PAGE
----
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Intense Atlantic storm causes widespread outages

Tens of thousands of people in Atlantic Canada and parts of Quebec remained without power late Sunday after the remnants of Hurricane Noel battered Atlantic Canada with high winds and driving rain.
In Nova Scotia, which was hit hardest, as many as 170,000 homes and businesses lost electricity overnight.

Image: Tracking Noel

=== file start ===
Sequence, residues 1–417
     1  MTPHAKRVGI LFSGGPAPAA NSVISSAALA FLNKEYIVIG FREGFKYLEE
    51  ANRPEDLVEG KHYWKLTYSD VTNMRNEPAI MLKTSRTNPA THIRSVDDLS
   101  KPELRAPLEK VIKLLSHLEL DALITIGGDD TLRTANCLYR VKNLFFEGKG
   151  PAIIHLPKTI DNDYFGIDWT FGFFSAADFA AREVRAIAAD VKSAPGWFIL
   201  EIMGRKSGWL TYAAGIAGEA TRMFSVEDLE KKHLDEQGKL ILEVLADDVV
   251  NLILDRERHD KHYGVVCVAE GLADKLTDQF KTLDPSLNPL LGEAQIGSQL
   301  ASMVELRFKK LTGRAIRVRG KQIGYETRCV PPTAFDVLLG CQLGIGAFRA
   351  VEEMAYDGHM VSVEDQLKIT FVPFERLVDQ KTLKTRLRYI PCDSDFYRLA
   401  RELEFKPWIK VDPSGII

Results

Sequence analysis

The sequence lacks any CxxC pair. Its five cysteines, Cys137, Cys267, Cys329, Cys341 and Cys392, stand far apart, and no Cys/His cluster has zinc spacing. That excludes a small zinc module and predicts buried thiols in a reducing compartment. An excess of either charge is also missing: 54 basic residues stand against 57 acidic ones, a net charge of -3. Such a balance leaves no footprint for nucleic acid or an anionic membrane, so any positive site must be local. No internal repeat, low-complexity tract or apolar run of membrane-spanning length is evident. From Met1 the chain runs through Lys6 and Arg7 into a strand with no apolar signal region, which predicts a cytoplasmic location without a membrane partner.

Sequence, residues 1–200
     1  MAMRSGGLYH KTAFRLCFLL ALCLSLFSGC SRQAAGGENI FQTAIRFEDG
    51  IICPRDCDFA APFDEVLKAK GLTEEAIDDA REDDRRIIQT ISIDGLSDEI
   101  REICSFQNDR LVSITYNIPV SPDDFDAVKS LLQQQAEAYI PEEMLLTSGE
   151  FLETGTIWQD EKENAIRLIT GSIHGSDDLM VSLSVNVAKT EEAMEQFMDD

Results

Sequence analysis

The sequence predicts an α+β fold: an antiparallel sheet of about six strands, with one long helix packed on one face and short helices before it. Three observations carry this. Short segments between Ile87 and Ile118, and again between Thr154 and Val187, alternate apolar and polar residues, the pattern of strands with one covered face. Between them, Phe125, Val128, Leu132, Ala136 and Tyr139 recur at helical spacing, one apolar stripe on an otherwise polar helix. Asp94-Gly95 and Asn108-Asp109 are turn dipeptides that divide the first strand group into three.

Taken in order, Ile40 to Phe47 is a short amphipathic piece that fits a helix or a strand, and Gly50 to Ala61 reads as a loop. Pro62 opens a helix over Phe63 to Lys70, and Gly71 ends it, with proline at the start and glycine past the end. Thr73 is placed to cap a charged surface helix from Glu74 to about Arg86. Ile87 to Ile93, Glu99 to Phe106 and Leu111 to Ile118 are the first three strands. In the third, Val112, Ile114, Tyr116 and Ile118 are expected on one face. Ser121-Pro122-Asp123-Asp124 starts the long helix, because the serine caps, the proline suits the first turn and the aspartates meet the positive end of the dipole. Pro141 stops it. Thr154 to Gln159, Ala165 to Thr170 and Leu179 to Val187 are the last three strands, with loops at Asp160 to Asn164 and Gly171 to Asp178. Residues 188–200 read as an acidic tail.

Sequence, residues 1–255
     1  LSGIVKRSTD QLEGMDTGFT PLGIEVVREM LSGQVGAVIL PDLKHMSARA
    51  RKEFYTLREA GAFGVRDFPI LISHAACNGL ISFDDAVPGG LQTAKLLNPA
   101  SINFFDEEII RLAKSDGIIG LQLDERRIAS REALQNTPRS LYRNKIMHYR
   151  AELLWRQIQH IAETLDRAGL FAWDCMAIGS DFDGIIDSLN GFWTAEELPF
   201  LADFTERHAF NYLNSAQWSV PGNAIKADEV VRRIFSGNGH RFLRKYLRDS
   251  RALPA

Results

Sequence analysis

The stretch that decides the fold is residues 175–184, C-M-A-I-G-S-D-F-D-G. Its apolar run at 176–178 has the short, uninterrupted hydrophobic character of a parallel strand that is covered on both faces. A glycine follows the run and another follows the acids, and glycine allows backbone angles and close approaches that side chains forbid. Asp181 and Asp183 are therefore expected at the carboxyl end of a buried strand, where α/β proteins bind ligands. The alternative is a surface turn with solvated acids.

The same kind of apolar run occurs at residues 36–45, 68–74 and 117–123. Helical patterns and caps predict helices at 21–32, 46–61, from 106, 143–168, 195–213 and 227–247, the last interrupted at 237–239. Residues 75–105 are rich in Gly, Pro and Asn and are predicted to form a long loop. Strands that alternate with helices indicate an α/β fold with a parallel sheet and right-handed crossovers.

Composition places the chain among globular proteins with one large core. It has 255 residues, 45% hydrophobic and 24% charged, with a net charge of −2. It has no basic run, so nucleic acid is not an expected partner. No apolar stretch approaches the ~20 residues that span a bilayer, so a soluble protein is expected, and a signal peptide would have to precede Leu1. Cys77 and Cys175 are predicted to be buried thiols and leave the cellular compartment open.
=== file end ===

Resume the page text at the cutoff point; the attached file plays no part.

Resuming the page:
FLORIDA - A portion of A1A remained closed Sunday, after Noel sent ankle-deep water onto the beachside road. The deluge that prompted authorities to shut down A1A Saturday had receded a bit, but the waters surged again at high tide Sunday afternoon. High tide was expected between 4 and 4:30 p.m. to most likely cause more flooding before the Noel swell of high winds and water passed. Strong rip currents and high surf winds are also expected to hit beaches along Miami-Dade, Broward and Palm Beach counties, which remain under a coastal flood advisory. Besides the A1A flooding, a surge of 4-foot waves also flooded a Sunny Isles Beach hotel garage. Weather experts said ocean swells whipped up by the departing tropical storm are what turned parts of State Road A1A into an extension of Fort Lauderdale beach Saturday as high tides swept up and dumped sand and water onto the roadway. Disaster might be the word used by those tracking the extensive beach erosion that many South Florida beaches have experienced in the past few weeks, including from Noel, which scraped away huge amounts of sand, especially in Palm Beach County. High winds have generated battering waves that have gobbled away shoreline, shrinking beaches. Beach conditions over the past week or so have made some residents re-think how devastating the storm surge could be if the area is hit head-on by a hurricane. "It's looking like if we get another storm, there's not going to be any beach left." Noel sent a swell of high winds and water straight at South Florida as it passed to the northeast. As it continues to move away from South Florida, conditions here should improve. The worst should be over, at least in the near term.
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